(2) Frank Ziddah:
“Tons of “super” seeds of rice, maize, cassava and other local staples in various parts of Africa are made available by international development agencies every now and then. The problem with their programmes is that those agencies and their regional or local partners fail to effectively market and convince farmers [mostly educated] to make the switch. Hence, a year or so later adoption and usage rates are not surprisingly [very] low. In short, their efforts fail. Going forward I would suggest a 2-prong approach: better soils + better seeds. “
Frank Ziddah: Having read the post at Scribd, I must agree to your concluding remarks “the most important challenge for Africa is to improve food security,” using solutions suited to Africa’s soil and ecosystem.
(3) Tony Simeone:Very informative exchange that clearly articulates your interest and philosophy on land use – AND recipients of benefits.
The Policy Round Table of the Committee on World Food Security (CFS), meeting in Rome on 17 Oct 2016, discussed the report on Sustainable Agricultural Development for Food Security and Nutrition: What Roles for Livestock? The report had been launched on 1 July in Rome and is now available in all of the UN languages.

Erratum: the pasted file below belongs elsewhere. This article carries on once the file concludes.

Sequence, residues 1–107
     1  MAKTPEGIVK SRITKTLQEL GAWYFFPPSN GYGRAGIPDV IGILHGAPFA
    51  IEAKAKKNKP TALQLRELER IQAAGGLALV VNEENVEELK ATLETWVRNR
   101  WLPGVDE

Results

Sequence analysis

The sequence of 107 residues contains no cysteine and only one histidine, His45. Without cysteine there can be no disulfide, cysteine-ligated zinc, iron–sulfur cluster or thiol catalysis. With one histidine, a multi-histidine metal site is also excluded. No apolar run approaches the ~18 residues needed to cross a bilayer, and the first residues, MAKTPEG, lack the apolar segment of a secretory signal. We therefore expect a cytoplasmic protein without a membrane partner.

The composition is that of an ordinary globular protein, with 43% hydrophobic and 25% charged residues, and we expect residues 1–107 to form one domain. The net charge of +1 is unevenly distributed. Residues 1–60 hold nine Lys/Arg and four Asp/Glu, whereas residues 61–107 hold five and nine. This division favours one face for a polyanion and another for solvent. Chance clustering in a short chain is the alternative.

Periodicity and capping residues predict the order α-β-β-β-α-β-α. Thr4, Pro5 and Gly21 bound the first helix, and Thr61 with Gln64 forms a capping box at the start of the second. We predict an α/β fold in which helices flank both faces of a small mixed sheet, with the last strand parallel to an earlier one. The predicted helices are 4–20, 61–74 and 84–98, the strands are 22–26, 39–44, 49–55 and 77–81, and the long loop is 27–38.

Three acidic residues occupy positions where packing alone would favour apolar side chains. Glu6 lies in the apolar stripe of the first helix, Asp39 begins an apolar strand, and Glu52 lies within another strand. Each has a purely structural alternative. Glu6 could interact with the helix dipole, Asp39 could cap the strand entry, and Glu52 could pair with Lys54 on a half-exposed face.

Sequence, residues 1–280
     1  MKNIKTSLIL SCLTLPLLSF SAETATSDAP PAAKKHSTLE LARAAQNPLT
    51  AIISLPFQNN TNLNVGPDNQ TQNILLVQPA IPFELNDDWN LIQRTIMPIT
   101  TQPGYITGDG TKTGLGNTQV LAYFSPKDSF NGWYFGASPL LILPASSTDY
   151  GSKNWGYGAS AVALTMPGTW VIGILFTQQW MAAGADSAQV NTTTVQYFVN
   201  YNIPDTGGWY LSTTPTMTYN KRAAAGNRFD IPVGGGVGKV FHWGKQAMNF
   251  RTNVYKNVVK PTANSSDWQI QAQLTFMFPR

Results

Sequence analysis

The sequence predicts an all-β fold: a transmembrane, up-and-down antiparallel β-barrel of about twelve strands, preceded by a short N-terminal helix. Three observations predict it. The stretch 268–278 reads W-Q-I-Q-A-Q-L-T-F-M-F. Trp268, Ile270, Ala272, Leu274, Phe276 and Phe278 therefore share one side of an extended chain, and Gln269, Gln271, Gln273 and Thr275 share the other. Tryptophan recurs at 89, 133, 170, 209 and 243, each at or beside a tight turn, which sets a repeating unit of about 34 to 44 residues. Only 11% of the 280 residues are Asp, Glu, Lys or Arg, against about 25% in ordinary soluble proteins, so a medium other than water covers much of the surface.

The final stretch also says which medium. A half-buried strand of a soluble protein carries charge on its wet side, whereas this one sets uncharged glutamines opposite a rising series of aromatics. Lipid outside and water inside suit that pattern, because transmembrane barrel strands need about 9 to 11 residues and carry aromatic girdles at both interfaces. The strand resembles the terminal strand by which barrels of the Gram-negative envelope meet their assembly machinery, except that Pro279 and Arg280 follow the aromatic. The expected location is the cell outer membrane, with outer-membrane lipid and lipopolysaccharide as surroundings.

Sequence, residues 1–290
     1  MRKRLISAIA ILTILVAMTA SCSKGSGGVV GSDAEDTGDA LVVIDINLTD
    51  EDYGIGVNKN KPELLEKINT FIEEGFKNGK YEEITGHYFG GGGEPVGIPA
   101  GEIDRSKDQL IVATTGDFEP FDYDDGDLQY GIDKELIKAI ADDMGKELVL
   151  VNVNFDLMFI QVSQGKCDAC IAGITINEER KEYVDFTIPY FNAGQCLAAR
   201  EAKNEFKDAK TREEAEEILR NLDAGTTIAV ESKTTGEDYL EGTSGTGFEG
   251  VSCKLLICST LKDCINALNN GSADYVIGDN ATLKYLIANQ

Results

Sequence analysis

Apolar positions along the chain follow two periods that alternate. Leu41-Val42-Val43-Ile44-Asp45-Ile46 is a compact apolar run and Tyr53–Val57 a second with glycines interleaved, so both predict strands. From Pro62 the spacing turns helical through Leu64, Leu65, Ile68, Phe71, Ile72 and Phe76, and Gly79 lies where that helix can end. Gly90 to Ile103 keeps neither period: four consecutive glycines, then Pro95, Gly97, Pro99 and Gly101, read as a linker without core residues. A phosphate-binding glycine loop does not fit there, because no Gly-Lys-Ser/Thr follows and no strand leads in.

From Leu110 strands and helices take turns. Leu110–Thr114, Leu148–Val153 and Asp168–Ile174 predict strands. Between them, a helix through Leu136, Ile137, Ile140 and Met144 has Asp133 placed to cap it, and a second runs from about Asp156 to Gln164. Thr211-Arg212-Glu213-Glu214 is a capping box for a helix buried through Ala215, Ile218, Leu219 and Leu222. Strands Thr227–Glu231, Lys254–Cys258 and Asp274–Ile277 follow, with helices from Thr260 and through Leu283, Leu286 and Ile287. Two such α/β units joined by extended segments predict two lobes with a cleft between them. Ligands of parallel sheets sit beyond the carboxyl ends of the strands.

Delia Grace, a scientist and program leader at the International Livestock Research Institute (ILRI), served as a member of the High-Level Panel of Experts that produced the livestock report that was finalized this week at the Rome CFS meeting; other ILRI researchers made other substantive contributions.
The Plenary Session of the Committee endorsed a set of recommendations, drafted during preliminary negotiations led by Ambassador Yaya Olaniran (Nigeria).
Proposed draft recommendations
on sustainable agricultural development
for food security and nutrition,
including the role of livestock